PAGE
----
Aunty Pat Cameron and Uncle James Sydney seemed to be conscious of the possibilities of human malice and they both offered thoughts and music to improve our self-image and they pointed to the greater virtues.
One day, when GBS was temporarily housed at the National Park, Keith Barnwell told his listeners that he was about to smoke his last Benson and Hedges cigarette and that he was appealing to the kindness of any nearby fan to provide him with a pack. After about an hour, Keith announced that he was surprised to know that he had so many loyal fans.
The old time radio broadcasters were very sensitive in the manner they conducted themselves on air. It is said that Ayube Hamid always preached that love worked better during 99 per cent of the time.
Beverley-Ann Rodrigues and Angela Massiah shattered the myth that you have to be born a radio announcer. The corollary of this myth is that jobs at the radio station are reserved for the elites of the ivory tower. Many young women in the countryside got inspiration from them and some succeeded in that vocation.
Of the younger breed of broadcasters, Lloyd Langevine and Abu Bakr were outstanding. Abu’s voice sounds a bit more resonant. I remember one night there was just music on `Night Ride’. I heard the Dells, Billy Paul and The Fifth Dimensions, etc. I wanted to know who was that soulful moderator. Then, at the end of the programme, a sweet voice said: “I am Abu Bakr. I hope you enjoyed Night Ride. See you next time”. That was a great ride, no judgements but just bare romantic truths.
There were also great activists or actor announcers. Clairmont Tait, Ken Crosbie, Wordsworth MacAndrew, Margaret Lawrence, Ulita Anthony, Lakshmi Kallicharran and Celeste Dolphin, to name a few made their marks and they helped to merge rural folk traditions with urban culture.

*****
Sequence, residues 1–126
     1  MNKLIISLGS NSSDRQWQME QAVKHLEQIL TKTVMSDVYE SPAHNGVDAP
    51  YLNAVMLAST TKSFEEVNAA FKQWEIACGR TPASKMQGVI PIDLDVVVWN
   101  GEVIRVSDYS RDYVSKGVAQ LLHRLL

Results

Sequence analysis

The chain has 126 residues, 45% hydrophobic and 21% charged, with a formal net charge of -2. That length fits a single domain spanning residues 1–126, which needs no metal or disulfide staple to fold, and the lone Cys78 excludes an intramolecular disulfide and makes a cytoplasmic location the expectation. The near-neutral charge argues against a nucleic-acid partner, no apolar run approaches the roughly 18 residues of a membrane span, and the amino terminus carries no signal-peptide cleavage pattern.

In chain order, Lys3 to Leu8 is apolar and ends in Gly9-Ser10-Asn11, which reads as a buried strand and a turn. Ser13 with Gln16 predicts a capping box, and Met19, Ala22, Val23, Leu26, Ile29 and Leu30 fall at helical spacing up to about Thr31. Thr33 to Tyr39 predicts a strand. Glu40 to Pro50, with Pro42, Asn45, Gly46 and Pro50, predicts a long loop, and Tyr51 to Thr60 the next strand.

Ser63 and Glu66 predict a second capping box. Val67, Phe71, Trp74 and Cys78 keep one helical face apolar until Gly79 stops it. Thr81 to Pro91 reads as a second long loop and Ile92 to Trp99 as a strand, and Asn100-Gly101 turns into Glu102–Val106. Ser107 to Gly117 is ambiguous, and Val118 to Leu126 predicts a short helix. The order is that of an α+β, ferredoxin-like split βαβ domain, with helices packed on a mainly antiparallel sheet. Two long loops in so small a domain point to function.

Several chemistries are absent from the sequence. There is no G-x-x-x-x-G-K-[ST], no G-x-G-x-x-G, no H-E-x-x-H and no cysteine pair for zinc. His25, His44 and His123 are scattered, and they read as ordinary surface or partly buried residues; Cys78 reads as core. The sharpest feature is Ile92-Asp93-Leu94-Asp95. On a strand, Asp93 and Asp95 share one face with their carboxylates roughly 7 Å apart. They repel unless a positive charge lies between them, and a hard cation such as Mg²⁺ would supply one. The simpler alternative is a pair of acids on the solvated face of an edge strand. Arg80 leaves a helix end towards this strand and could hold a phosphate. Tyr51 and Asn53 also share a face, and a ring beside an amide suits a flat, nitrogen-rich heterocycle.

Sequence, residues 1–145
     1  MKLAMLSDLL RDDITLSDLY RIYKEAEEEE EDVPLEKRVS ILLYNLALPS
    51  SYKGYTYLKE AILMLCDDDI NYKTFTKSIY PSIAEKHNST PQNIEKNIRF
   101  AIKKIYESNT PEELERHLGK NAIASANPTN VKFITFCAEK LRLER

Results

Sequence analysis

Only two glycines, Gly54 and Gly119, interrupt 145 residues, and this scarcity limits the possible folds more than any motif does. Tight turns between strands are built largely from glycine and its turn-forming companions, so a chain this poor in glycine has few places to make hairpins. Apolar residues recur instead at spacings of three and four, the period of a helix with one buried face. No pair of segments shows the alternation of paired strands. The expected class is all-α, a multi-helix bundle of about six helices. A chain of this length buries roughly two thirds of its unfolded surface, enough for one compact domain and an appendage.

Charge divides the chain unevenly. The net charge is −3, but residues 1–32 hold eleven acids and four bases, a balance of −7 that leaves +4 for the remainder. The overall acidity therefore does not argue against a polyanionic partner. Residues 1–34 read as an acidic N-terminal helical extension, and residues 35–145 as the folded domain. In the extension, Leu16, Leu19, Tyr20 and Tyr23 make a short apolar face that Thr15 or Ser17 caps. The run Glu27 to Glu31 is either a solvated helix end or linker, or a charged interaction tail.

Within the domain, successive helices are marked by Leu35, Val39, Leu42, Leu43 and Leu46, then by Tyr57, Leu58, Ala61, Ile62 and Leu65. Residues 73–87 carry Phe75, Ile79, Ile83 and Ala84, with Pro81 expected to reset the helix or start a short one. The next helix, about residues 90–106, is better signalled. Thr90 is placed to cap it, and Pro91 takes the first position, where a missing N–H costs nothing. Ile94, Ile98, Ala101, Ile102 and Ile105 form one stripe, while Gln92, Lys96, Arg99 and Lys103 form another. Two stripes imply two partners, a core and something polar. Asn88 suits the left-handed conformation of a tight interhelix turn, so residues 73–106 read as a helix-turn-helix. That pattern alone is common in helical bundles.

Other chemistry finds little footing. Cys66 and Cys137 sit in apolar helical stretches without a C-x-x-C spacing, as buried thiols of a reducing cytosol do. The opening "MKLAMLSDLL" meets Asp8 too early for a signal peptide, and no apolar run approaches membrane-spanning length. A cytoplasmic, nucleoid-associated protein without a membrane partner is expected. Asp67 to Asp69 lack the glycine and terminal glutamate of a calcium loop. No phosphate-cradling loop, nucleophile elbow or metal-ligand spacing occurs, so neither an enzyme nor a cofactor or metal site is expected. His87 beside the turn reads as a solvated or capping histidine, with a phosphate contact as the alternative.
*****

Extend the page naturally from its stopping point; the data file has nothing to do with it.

For sports broadcasting, `Bruiser’ Thomas, B.L. Crombie and Reds Perriera stand out. B.L. Crombie left with us the aphorism: “It’s not whether you win or loose; it’s how you play the game fair”. Reds Perriera stuttered much of his early life, but still rose from that setback to become one of the Caribbean’s best commentators on any sport.
Allan Khan, Carl Nguyen and his wife Diane Nguyen added great talents to radio. Diane brought her native foreign accent to Guyanese radio. This accent served as a blending ingredient.
`Ron’s Rendezvous’ was not for the half-witted. If you were, Ron Robinson elevated your soul. His obsession with the harmonica was a trademark. Just like what he did for theatre, Ron maintained dignity and creativity on radio even during the early stages of our cultural recession.
Keith Michael Austin was attracted to jazz as a youth growing up in Georgetown. He said his elderly neighbour played that genre so much that he grew to like it so that when Basil Hinds departed, he was ready to make his contributions to keep jazz alive on Guyana radio.
Pancho Carew will always be fondly remembered especially at Christmas time. He was a great broadcaster and dedicated his life to help in promoting local music.
There are many others who left their impressions on us. Let us hope that we thoughtfully saved samples of these recorded voices; so that upcoming generations can savour the brilliance and cultural decency of our radio icons. It is now signing off time. Hope you had pleasant memories. See you next time.